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Single Packet of 30 Seeds
Grow heirloom Tigger melons from seed this season as a delicious and strikingly colorful alternative to muskmelon and honeydew. Don't let their exotic stripes fool you: If you can grow watermelons, you've got this!
The Tigger melon—named for the beloved A.A. Milne character, but also called "tiger melon"—is a Cucumis melo (cantaloupe) variety. It's believed to have been developed by artisan market gardeners in Armenia, and of course as a heritage species it's non-GMO. As with all melons, you'll want to order your Tigger melon seeds in plenty of time to get a head start on your garden as they take up to 90 days to mature. The Tigger melon itself rarely grows larger than a softball, weighing about a pound. We'd say that this alone makes them the perfect single-serving snack, but it's the white, creamy insides—which taste like the very best cantaloupe you've ever had—reinforces the old saying, "great things come in small packages".
Here's another appropriate saying: "You can't have your Tigger and eat it too!" When they reach ripeness, the mottled gold stripes against a deep orange or red background look too gorgeous to slice. That's probably why the fruit emits an enticing, mouth-watering fragrance throughout your home when you bring it in from the garden.
This variety has aggressive tendrils, perfect for trellising. Or you can go with the traditional mound-and-moat arrangement. Select a spot that receives full sun and that has plenty of room for the vines to spread or climb.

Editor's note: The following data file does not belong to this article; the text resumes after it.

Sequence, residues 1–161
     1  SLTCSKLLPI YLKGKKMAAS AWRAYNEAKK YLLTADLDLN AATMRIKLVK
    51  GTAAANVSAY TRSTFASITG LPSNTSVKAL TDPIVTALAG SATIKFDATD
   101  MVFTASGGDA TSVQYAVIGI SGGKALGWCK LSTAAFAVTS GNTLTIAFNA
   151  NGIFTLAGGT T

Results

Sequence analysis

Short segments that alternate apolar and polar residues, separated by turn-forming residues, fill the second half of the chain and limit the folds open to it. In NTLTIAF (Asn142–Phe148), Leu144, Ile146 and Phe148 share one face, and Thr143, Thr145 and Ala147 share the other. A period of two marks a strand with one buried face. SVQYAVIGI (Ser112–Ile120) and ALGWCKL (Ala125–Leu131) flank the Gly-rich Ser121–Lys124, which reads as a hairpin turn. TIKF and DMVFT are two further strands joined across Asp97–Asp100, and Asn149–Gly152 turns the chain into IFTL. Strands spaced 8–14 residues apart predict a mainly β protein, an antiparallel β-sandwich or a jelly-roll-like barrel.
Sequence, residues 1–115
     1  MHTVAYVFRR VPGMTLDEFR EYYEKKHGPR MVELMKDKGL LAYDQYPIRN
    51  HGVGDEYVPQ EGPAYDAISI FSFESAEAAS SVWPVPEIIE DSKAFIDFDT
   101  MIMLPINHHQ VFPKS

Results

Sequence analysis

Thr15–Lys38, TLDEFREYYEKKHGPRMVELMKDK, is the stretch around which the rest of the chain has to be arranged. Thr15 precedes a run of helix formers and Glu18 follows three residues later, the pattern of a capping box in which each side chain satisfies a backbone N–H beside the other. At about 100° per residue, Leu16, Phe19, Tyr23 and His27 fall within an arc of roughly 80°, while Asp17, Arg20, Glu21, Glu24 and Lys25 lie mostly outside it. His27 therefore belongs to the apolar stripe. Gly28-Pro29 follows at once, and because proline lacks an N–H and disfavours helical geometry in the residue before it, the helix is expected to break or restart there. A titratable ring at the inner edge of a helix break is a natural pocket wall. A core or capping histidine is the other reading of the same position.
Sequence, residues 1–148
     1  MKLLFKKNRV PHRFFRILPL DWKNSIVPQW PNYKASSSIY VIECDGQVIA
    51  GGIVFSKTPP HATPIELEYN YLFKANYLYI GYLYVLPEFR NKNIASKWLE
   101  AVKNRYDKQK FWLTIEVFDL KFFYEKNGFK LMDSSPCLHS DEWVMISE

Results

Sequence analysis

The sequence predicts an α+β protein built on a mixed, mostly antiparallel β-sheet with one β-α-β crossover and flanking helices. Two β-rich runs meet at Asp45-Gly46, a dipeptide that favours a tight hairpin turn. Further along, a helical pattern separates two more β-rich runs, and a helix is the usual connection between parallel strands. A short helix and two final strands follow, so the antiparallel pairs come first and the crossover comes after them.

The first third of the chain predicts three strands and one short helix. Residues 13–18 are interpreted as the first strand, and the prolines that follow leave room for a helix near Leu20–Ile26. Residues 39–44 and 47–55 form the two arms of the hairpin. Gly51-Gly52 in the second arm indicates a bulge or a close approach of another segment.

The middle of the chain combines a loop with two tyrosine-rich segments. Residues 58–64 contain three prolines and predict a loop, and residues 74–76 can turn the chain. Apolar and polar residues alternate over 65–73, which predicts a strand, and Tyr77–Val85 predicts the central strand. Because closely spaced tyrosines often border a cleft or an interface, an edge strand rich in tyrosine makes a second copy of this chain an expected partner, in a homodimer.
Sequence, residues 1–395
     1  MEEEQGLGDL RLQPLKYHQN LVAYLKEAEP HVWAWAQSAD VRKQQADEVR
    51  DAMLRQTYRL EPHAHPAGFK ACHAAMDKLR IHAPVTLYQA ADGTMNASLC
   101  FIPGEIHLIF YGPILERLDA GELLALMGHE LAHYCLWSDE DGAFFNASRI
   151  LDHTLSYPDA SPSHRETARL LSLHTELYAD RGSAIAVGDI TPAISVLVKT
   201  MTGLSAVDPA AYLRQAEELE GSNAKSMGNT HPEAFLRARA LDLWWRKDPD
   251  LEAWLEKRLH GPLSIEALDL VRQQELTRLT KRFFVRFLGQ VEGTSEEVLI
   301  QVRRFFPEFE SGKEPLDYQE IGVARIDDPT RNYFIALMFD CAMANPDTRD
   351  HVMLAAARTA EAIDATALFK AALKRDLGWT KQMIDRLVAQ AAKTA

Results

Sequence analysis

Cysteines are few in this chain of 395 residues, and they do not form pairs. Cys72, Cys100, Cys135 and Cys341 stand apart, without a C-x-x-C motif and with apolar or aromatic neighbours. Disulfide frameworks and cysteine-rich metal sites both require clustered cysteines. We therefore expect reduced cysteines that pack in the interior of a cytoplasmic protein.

You'll likely want to start your plants indoors to get a head start. Tigger melon is a late-maturing variety. If you plant outdoors, mound up 3' diameter hills (6" to 10" tall) and plant a trio of seeds three inches apart (in a triangle) at the top of each mound. Mounds should be 4' to 5' apart, measuring from the centers. Shore up "moats" at the bases of your mounds for irrigating established plants.
See "Growing Conditions" for helpful soil amendment information.
Tigger melons are long-season vegetables technically suited to USDA zones 4-10 and need heat to thrive. They're more drought-tolerant than most other melons, though we recommend watering them every few days. Tiggers and most other melons need heat and complete drought in the week leading up to harvest to concentrate the natural sugars as the fruit ripens. Some gardeners withdraw irrigation up to two weeks.
Melons are heavy feeders. Give them a balanced liquid fertilizer every 3-4 weeks. Keep the soil warm and weeds at bay with black plastic mulching, and put a layer of straw under developing melons to keep them dry.
Tigger melons may be small, but they're prolific. Each vine may bear as many as 20 fruits, though you may wish to thin baby melons, leaving one for each 18" to 20" section of vine to ensure the best flavor.
Wait until the vine tendrils turn brown and the melons nearly separate themselves from the vine before you pick them. You'll smell their sweet, pineapple/cantaloupe aroma as soon as you enter your garden. Tigger melons continue to sweeten after harvest. Keep them in the refrigerator for about 10 days after harvesting.